Stir-Fried Sichuan Shrimp with Dried Red Chiles
- TOTAL TIME: 25 MIN
- SERVINGS: 4
The menu at Tian Di Yi Jia, a two-year-old Beijing restaurant that specializes in imperial cuisine, depends on extraordinarily expensive or rare ingredients like shark's fin and abalone. But some of the dishes are simple and delicious, such as these fiery Sichuan shrimp. The Sichuanese typically use small freshwater shrimp, frying them whole with coriander, Sichuan peppercorns and lots of hot dried chiles until the shells become crispy and very, very spicy while the flesh remains delicate and sweet. Foo shifts the balance of flavors in this recipe, adding far more shrimp. If you can find freshwater shrimp in the shell, pop the whole fried thing into your mouthbut take care not to eat those peppers.
- 1/3 cup vodka
- 3 tablespoons soy sauce
- 2 tablespoons ketchup
- 2 teaspoons rice wine vinegar or white wine vinegar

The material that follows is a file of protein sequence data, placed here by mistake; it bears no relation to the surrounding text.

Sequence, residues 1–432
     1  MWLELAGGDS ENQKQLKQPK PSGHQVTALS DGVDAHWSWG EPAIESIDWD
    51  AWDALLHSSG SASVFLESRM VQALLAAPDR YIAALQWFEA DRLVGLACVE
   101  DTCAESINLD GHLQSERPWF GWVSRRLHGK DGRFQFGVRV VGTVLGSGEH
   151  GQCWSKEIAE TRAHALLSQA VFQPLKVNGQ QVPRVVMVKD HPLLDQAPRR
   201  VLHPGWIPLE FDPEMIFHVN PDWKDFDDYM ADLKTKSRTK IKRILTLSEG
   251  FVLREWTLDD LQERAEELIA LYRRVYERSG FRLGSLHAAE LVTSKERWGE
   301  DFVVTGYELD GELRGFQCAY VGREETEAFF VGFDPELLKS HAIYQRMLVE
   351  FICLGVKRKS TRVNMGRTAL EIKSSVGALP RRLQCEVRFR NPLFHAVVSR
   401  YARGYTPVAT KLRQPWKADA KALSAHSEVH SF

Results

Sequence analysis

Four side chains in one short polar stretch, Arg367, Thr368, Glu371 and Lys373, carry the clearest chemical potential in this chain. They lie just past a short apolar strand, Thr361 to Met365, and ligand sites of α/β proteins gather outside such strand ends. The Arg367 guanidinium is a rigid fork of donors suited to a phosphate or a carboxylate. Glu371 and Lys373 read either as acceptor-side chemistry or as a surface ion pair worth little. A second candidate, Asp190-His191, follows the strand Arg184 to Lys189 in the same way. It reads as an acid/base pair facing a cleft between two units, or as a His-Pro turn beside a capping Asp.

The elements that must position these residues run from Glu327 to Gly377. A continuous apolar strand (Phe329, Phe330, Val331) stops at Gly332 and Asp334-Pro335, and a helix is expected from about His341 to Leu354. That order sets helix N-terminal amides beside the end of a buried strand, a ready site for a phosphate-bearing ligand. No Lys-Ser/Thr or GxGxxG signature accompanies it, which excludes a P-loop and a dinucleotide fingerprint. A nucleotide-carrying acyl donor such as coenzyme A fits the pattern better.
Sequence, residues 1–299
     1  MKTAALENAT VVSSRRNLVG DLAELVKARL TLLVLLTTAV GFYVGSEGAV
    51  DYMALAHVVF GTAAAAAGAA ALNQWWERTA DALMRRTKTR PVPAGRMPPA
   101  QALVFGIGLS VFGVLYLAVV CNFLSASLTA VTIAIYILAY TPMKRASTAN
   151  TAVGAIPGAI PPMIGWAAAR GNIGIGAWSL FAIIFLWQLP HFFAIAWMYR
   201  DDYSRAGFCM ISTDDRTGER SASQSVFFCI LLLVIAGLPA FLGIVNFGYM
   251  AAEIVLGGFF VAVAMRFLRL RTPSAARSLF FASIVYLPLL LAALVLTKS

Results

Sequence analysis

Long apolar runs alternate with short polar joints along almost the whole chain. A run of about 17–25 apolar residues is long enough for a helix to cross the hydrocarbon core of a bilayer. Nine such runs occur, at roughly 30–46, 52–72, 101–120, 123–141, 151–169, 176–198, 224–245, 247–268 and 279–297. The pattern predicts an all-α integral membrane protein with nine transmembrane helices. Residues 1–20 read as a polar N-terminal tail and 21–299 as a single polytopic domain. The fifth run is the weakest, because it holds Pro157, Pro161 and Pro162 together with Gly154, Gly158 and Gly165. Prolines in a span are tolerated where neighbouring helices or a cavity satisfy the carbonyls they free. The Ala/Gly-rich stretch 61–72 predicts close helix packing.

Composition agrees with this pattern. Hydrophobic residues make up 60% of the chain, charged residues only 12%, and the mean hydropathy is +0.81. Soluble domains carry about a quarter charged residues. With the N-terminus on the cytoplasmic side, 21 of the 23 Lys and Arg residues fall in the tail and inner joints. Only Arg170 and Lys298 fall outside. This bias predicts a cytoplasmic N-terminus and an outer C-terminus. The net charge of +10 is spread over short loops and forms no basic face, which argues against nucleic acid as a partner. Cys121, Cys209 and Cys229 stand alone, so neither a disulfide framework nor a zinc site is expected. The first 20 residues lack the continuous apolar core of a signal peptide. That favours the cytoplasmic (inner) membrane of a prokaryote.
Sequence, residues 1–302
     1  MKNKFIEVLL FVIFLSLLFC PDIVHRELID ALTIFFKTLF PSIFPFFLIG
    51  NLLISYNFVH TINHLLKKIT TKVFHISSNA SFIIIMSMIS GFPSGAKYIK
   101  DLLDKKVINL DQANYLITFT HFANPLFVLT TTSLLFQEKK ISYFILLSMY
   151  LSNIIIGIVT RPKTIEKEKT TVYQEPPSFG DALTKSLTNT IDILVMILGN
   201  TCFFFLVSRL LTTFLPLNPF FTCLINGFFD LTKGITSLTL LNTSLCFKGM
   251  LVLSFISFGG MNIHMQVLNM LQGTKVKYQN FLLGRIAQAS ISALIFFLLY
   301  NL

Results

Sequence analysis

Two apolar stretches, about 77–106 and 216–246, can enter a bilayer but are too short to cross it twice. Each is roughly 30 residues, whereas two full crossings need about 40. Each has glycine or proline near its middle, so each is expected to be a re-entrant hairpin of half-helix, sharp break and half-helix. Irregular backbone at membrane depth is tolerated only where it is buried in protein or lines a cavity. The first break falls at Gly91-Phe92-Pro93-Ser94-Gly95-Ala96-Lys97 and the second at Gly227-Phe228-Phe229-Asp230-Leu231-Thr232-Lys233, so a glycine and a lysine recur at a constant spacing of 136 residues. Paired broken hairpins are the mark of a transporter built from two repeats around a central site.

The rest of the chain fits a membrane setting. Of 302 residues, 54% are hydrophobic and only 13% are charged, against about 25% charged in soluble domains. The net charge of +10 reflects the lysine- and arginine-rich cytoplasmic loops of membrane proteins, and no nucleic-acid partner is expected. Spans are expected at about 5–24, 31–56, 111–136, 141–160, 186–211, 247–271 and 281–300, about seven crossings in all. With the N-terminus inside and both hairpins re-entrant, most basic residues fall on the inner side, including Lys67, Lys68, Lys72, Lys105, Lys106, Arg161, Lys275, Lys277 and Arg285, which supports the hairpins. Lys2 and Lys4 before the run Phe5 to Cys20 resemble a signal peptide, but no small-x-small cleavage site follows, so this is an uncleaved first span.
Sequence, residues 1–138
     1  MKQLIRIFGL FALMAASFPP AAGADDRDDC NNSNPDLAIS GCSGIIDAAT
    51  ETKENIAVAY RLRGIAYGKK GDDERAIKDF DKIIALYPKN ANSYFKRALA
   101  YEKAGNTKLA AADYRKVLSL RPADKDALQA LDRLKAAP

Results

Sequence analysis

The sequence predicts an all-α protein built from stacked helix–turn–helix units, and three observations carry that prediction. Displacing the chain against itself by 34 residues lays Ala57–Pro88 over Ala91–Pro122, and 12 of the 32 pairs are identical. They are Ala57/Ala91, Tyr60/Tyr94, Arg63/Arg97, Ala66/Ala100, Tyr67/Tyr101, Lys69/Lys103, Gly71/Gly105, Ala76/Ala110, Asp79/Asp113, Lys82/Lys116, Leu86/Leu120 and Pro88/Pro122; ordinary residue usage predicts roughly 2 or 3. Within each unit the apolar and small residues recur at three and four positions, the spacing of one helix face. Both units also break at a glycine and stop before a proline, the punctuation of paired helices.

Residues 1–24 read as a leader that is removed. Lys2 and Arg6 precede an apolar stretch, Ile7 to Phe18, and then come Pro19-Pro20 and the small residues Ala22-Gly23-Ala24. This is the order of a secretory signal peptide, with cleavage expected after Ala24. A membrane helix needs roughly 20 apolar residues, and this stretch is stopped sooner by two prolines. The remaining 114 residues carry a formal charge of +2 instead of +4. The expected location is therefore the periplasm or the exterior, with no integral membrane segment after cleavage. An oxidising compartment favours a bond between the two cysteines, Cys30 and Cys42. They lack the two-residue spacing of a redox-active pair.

- 1/4 cup vegetable oil
- 10 dried red chiles
- One 2-inch piece of fresh ginger, peeled and very thinly sliced
- 1 teaspoon Sichuan peppercorns
- 3 large garlic cloves, thinly sliced
- 1 3/4 pounds medium shrimp, shelled and deveined
- 3 scallions, white parts only, coarsely chopped
- In a small bowl, stir the vodka with the soy sauce, ketchup and vinegar. In a large skillet, heat the oil. Add the chiles, ginger and Sichuan peppercorns and stir-fry over high heat until the chiles and peppercorns darken and the ginger starts to brown, about 2 minutes. Add the garlic and stir-fry until golden, about 10 seconds. Add the shrimp, season lightly with salt and stir-fry until just cooked, about 3 minutes.
- Remove the skillet from the heat and slowly add the vodka sauce. Using a long match, carefully light the sauce. Return the skillet to the heat and bring the sauce to a simmer, stirring. Add the scallions; serve.
Tocai from Italy's Friuli region, which borders both Austria and Slovenia, has both the aromatic complexity and succulent fruit needed to pair well with the herbal spice of the Sichuan peppercorns in this dishand the wines remain underpriced for the quality they offer.
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